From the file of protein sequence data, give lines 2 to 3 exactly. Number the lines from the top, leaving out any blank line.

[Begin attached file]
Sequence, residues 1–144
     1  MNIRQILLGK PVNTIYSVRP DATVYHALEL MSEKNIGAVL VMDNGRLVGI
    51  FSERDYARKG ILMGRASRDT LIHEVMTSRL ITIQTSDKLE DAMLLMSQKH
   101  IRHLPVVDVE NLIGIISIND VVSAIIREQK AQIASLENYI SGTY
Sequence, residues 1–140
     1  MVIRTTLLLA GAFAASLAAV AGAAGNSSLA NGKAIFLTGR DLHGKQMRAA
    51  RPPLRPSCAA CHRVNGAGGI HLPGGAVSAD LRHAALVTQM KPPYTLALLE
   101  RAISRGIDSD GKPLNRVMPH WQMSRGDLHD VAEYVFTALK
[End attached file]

     1  MNIRQILLGK PVNTIYSVRP DATVYHALEL MSEKNIGAVL VMDNGRLVGI
    51  FSERDYARKG ILMGRASRDT LIHEVMTSRL ITIQTSDKLE DAMLLMSQKH